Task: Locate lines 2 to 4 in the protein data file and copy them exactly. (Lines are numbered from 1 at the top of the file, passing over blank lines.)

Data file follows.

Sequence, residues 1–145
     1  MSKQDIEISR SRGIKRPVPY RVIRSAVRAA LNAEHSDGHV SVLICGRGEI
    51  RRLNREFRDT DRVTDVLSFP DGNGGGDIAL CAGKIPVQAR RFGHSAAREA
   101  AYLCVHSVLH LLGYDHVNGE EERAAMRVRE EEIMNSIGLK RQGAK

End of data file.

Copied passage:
     1  MSKQDIEISR SRGIKRPVPY RVIRSAVRAA LNAEHSDGHV SVLICGRGEI
    51  RRLNREFRDT DRVTDVLSFP DGNGGGDIAL CAGKIPVQAR RFGHSAAREA
   101  AYLCVHSVLH LLGYDHVNGE EERAAMRVRE EEIMNSIGLK RQGAK